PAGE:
You hear what you listen for

One winter evening, two men left work in a busy city and joined the mob of people headed to the subway during rush hour. As they walked toward the station, one man stopped the other and said, “Do you hear that? It’s a bird singing.”

“That’s impossible,” replied the co-worker. “It’s winter in the city. All the birds have flown south. Besides, it’s rush hour. Look at all the people. Listen to the traffic. You wouldn’t be able to hear a bird above this din if you tried.”

The first man looked around, and sure enough, there was a robin on a telephone wire. The co-worker saw it and sarcastically said, “That’s great. Come on, or we’ll miss the next train.”

As their pace quickened, the first man reached into his front pocket, pulled out a few coins and pitched them into the crowd of people headed home from work.

“Stop!” the co-worker said. “Someone has just dropped four quarters!”

The first man grinned at his friend and said, “You hear what you listen for.”

I can’t remember where I first read that story, but the message has always stayed with me. It reminds me of the challenge of finding customers because not all customers have the same goal.

Where do you go to get information about a product you plan to buy or a service you plan to hire? How do you become aware of what you need? Who do you talk to before you make the step to call or meet a sales representative?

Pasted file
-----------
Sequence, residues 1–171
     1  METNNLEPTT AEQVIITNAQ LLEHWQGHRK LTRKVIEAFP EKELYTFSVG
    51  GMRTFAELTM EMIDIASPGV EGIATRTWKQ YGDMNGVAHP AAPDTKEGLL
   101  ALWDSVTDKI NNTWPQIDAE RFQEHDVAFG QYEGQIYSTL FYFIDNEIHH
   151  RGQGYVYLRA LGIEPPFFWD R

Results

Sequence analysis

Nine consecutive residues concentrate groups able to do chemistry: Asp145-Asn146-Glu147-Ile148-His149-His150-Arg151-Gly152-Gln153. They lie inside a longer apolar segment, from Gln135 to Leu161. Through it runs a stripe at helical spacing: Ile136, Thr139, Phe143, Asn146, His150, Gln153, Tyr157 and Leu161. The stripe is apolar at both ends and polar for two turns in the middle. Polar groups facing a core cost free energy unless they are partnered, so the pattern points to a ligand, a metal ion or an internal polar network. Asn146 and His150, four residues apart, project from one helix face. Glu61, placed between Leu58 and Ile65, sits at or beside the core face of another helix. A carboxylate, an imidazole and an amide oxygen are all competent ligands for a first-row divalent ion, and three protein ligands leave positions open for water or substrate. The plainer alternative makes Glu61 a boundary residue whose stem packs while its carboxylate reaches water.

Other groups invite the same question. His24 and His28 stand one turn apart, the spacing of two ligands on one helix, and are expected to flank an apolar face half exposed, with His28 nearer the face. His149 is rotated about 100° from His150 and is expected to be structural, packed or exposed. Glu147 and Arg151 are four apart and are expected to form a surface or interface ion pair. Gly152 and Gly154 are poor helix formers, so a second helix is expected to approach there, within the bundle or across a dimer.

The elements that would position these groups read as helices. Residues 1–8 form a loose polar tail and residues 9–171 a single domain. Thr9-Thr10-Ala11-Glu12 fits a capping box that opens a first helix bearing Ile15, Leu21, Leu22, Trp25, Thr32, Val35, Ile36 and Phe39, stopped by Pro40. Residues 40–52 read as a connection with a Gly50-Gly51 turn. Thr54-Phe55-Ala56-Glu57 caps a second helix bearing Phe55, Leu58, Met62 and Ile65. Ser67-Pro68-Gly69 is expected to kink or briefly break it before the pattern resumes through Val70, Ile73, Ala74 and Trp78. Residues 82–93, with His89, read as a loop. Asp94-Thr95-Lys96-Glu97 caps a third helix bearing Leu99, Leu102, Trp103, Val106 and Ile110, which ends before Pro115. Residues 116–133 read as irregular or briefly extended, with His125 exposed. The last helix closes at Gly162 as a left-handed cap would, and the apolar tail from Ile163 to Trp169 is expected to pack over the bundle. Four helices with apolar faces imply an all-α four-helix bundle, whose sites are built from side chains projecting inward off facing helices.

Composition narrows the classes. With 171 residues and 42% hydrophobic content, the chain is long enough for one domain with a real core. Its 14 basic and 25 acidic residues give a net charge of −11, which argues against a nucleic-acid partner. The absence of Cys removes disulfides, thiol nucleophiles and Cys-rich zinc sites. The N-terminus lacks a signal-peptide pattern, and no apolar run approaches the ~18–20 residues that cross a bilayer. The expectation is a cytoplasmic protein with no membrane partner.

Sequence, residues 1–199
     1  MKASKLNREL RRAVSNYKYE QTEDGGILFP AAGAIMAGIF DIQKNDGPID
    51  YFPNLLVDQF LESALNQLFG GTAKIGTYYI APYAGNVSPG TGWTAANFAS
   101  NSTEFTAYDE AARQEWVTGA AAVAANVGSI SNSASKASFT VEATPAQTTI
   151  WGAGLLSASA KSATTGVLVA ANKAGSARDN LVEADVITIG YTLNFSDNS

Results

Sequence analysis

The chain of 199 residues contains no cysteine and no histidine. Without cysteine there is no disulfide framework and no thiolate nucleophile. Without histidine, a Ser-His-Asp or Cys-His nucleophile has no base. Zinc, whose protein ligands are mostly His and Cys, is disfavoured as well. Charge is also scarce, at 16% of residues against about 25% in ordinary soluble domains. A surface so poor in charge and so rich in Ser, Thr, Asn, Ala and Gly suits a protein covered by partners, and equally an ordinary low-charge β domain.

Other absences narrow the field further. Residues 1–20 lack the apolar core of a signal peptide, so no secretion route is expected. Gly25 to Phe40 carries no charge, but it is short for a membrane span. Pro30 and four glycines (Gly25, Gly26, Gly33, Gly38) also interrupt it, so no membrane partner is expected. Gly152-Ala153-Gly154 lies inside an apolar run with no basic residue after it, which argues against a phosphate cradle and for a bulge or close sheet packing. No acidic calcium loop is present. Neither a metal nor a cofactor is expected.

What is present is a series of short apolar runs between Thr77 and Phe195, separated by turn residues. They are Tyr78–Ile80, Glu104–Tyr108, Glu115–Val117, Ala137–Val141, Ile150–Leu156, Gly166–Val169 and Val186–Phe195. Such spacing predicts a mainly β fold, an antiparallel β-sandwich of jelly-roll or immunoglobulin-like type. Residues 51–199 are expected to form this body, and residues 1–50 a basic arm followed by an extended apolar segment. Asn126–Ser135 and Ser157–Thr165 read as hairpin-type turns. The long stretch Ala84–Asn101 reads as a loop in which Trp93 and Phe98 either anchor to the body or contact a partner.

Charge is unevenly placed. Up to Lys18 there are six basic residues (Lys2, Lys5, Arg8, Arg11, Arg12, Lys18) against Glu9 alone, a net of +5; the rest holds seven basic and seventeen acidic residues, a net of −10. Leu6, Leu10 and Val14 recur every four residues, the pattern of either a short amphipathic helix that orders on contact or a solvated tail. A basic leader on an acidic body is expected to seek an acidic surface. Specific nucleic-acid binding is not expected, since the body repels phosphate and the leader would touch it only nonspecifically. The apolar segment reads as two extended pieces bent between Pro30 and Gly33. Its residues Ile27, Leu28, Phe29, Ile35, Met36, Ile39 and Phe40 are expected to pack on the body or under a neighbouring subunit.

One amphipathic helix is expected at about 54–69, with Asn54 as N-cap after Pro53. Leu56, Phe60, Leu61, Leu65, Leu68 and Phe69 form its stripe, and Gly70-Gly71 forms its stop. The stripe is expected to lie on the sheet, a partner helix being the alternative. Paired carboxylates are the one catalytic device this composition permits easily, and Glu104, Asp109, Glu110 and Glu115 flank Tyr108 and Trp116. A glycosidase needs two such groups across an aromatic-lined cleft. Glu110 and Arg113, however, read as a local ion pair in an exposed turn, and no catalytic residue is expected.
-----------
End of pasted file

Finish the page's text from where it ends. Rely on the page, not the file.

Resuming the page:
Word of mouth is a form of advertising. A good testimonial from a friend can be the highest rating a company can receive. The opposite can also be true. The difficulty is that two people given the same facts and experience can report it two different ways. Compare a trip you’ve taken with a friend. Do you both remember everything the same?

Perception is a funny thing. While it is true “You never get a second chance to make a first impression,” first impressions are not always accurate. I’ve watched people draw the wrong conclusions based on little information. And, I’ve done the same thing only to learn much later how wrong I was.

Advertising and public relations are about informing the customer, potential customer or interested party. It’s about staying seen in the public eye. The experience that the customer has is the next step after being seen. Not all will accept the invitation to learn about the product or service. That’s why the message has to be placed where it has the maximum efficiency of finding potential customers. That location varies based on the interests of the customers.

Salesmanship is a part of marketing too. How a salesperson interacts with a customer affects the sale and the good or bad referral. And, the title “sales representative” is not necessary to be a salesman. The person who answers the phone – whether it is a secretary, a maintenance worker or the owner of the company – immediately represents the company. That person’s actions dictate the perception of the person calling in.

If you happen to get the voicemail message on my mobile phone, I tried to make it warm and friendly. I’ve gotten several compliments on it. I’ve been kidded about it too. Different people have different perceptions. I’m not saying their perceptions are wrong, I’m just saying their perceptions are different. Facts determine whether something is correct; opinions always vary.

I try to keep an open mind. I’m looking for a longer relationship than a first impression, and I’m willing to invest the time to establish that relationship. My hope is that I can hear the bird sing in rush hour traffic.

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